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ERISA Section 404(c) FAQs

Q: What is ERISA Section 404(c)?

The Employee Retirement Income Security Act of 1974 (ERISA) is a federal law that establishes the standards for private pension plans, such as 401(k)s and 403(b)s. Section 404(c) is a specific  part of this law that permits employees to direct the investment of their own retirement accounts. An employee may want to direct their own retirement account so they can control how much of their savings are being invested into what types of companies. An employee may have financial management experience and believe they can earn more if they self-direct their funds. Other employees for moral or religious reasons may choose not to invest in certain types of companies, such as animal product or Israeli/Palestinian companies.

Section 404(c) may be poorly understood by some employers and employees and may be too vague to give reliable relief from plan liability for employee investment issues.  The section follows a prudent standard of care requirement and offers "safe harbor" for employers or other plan sponsors who allow their employees to direct the investments of their accounts.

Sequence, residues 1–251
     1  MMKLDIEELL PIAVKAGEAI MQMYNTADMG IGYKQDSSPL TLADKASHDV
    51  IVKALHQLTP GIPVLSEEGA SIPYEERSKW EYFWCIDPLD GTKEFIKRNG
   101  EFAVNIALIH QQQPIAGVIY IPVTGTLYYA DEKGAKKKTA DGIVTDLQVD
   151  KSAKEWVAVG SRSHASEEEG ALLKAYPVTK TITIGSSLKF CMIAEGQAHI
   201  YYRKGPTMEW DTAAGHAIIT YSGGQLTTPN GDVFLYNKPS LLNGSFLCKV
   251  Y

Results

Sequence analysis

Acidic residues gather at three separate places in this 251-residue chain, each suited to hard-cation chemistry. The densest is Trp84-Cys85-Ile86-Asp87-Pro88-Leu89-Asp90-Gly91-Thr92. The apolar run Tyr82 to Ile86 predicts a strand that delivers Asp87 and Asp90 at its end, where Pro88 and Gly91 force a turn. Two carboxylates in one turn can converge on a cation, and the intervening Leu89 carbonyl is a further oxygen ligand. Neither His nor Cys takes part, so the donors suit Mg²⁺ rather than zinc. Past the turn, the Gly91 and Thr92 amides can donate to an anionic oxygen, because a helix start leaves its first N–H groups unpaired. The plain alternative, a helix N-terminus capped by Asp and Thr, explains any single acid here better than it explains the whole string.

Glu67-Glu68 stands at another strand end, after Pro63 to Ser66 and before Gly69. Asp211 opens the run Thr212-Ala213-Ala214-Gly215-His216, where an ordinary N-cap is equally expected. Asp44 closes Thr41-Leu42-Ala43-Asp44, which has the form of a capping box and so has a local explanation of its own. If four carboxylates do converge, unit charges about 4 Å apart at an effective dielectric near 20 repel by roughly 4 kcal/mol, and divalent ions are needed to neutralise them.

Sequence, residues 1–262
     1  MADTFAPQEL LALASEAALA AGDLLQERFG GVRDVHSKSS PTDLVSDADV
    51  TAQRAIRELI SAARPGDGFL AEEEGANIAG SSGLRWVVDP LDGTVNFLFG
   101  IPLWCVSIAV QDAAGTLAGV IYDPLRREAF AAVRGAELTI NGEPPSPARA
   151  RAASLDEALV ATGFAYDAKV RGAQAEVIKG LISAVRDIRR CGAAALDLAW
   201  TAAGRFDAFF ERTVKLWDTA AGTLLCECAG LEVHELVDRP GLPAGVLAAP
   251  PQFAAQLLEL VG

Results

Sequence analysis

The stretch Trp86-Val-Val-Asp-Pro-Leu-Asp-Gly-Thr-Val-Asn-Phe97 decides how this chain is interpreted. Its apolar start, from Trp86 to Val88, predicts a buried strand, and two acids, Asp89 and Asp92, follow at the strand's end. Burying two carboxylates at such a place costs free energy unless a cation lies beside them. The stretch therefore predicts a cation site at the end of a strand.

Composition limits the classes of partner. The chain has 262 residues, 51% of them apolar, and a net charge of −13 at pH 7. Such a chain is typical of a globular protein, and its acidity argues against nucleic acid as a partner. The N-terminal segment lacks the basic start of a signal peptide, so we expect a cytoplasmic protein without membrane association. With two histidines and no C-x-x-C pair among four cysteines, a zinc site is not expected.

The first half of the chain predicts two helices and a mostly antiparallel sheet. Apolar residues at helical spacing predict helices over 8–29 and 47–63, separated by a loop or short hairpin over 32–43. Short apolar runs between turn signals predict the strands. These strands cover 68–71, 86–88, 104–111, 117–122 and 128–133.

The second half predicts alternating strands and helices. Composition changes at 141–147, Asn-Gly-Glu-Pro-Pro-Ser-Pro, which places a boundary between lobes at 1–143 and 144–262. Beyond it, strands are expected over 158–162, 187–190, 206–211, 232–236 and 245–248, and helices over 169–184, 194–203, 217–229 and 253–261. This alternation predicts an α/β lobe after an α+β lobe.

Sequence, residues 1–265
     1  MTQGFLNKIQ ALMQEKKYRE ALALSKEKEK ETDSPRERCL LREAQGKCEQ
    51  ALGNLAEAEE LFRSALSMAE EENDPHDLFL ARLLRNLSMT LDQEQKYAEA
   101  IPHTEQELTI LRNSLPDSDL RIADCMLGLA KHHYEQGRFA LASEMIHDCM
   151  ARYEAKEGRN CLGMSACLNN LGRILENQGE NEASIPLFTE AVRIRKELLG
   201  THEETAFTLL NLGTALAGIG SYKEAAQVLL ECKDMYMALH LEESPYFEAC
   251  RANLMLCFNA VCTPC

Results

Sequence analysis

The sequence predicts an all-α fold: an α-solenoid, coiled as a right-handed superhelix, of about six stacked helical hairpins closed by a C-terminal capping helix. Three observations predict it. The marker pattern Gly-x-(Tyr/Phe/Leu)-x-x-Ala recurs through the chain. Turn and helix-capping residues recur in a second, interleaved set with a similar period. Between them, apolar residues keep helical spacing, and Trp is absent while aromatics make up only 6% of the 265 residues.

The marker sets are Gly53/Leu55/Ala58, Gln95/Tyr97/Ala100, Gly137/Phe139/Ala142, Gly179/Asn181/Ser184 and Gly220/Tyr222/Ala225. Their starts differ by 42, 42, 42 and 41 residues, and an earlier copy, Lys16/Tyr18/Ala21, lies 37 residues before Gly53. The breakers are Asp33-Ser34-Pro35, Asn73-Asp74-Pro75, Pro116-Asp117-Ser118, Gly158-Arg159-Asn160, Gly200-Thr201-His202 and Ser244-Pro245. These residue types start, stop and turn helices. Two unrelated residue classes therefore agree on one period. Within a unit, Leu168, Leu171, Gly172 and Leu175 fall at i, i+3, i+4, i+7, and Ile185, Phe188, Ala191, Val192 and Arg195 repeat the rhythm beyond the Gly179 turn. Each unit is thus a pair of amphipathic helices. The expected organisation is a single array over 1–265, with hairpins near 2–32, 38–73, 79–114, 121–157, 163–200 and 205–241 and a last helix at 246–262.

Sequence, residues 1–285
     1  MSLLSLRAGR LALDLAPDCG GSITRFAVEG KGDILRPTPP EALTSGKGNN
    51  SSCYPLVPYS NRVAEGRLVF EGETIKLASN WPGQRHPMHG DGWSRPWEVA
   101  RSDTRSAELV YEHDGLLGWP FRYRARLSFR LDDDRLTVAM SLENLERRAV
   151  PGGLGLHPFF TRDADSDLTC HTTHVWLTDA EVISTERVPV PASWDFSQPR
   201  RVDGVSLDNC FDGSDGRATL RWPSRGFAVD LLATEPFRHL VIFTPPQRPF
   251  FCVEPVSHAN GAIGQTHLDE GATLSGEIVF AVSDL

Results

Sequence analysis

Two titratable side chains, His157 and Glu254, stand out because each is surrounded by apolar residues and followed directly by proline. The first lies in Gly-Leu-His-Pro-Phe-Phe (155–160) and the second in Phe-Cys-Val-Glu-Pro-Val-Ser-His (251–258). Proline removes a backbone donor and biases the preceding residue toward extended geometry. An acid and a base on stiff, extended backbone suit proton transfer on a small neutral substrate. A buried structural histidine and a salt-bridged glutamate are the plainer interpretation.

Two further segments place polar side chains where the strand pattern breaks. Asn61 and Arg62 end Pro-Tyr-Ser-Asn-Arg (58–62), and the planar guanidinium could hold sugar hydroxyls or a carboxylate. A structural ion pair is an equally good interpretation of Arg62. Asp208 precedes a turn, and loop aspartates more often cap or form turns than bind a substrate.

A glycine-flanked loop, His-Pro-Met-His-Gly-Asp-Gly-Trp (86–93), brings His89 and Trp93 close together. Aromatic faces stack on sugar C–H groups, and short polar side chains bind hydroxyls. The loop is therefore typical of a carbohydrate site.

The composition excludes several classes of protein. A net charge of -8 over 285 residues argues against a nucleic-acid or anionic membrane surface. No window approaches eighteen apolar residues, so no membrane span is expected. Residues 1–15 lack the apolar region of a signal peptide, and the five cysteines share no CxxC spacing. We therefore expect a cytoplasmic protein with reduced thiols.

Q: I am an employer who provides a pension plan to employees. Why do I care about 404(c)?

Employers that comply with 404(c) can shift responsibility for poor investment results to plan participants. In short, 404(c) offers a "safe harbor" for plan fiduciaries to not be liable for investment losses suffered by plan participants who self-direct their investments. This means that employers won’t be legally responsible for their employees investment mistakes. 

To qualify for this safe harbor, plan sponsors must comply with the requirements for investment selection, plan administration, and plan & investment disclosures before they are exempt from fiduciary liability for losses plan participants incur as a result of their directing their own investments.

To qualify for relief under ERISA Section 404(c), the plan fiduciary must provide participants the chance to:

  • Choose, from a broad range of investments, how their accounts will be invested, which allows participants to diversify their investments
  • Exercise control over assets in their individual accounts

If you’re an employer with pension plans for employees, you may want to check your plan for ERISA 404(c) compliance.

Q: When is the ability to diversify deemed to be met?

Like many areas of the law, there are no definitive answers and many different opinions on compliance with the diversity requirement exist. Your plan may or may not have defined investment diversity. If it has, read the information provided to you by your plan administrator. If it hasn’t, ask your plan administrator about clarifying and diversifying your assets for a more sound investment strategy.

Q: What is the “prudent” standard for ERISA?

The responsible fiduciary must monitor options provided to employees to ensure they continue to be a "prudent" choice for the plan. The legal requirement for prudence as defined in ERISA Section 404(a)(1)(B) is for a fiduciary to discharge his or her duties with: